A few more words from David Kalish, a writer of short stories, plays, and the new novel, The Opposite of Everything.
Tuesday, January 28, 2014
Honey, I Changed the Locks
(Ruminator’s note: Part of an occasional series, this essay is a factual retelling of events depicted in my upcoming novel)
Of everything that’s happened to me in life, perhaps nothing upset my moral compass more than when I changed the locks on my first wife. Even now, thinking back to 1994, it’s tough to believe I did it. Or that it happened at all.
And yet the memory remains vivid, the scene clear as day. It’s late autumn. Evening. I pace the living room of our fourth-floor Brooklyn apartment, sweat dampening my shirt. My father sits on the sofa, watching me from beneath his head of gray hair. The shiny new lock I had installed earlier that day stares out from the front door like an all-seeing, guilt-invoking eye.
“Make the damn phone call already,” says my father, who I’ve asked over for psychological, and possibly physical support. “Just get it over with.”
I phone my wife at her mother’s, where she’s eating dinner. I tell her, in my best diplomatic voice, I’ve changed the locks on her. She could come by at a mutually convenient date to pick up her stuff.
“You changed the effing locks?” she says.
After she slams down the phone, my father asks how it went. I don’t answer, just stare out the window at the street four stories below. At the tiny cars streaking past.
It’s been a long year for me – getting diagnosed with thyroid cancer at the same time my marriage went south. As the wound from my neck surgery healed, a wound in our relationship opened up. “It’s like a part of me is dying,” she told me after learning my cancer was incurable. Instead of touching me in a good way, her declaration of empathy seemed to me a sign of weakness. I felt less patient with things that only half-worked. I didn’t have time for half-ass anymore; I didn’t have the luxury of breaking up years down the road. She spent more time at her mother’s; I’d taken to sleeping on the living room sofa. But she’d refused to separate.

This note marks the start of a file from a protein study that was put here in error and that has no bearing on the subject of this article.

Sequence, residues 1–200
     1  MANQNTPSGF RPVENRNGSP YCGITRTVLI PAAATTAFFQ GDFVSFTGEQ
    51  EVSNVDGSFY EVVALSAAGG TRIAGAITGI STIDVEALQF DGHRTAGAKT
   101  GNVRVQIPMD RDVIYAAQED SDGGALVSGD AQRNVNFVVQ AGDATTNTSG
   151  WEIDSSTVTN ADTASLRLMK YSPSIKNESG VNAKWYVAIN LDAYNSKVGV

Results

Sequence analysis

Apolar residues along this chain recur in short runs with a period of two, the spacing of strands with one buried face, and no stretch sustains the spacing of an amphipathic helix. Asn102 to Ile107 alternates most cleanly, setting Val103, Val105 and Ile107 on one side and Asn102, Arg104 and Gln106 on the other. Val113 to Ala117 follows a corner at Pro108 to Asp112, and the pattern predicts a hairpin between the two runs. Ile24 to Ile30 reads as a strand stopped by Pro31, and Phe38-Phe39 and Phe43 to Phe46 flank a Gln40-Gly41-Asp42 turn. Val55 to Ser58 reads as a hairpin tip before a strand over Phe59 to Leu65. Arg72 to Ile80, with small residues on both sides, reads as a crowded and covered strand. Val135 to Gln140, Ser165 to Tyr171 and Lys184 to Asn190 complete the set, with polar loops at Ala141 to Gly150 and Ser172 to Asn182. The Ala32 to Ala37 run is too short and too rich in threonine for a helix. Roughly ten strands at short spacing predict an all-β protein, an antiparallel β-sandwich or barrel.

Fifteen minutes after my wife slams down the phone, my father and I hear a car squeal up. Red lights flash across the window. We simultaneously gaze down through the glass panes at the street below. Two cops step out of a squad car. My wife and mother-in-law emerge from the back of the squad car. Thinking fast, I run over to the phone and call my lawyer, who lives nearby, and tell him to come over ASAP.
After all, it was his idea. Meeting him several weeks earlier, I told him the stress of living with my wife was compromising my immune system. She’d refused to consider separation. The lawyer laid out a method he’d honed with numerous clients. He drew up a letter giving her a month to vacate the apartment. Since I’d bought the place before the marriage, which presumably was of short duration, I legally owned it and could do with it as I wished. But that night she tore up the letter in front of me. So my lawyer went to Plan B.
At first I argued against it. Honestly, locking her out felt extreme. Wrong. Went against what I’d been taught about marriage. My first wife and I had
signed a Ketubah before witnesses, a Jewish document declaring I’d take care of her through thick and thin. Still, my heart needed immediate action, and I knew she could just stay at her mother’s. If I thought too much I might chicken out, and I couldn’t endure another day of living with a woman who felt as if part of her were dying. So I OK’d Plan B.
The downstairs doorbell sounds. I buzz the four of them in and there are the thumps of many shoes ascending four flights of stairs, loudening.
Twisting the new deadbolt, I open the door.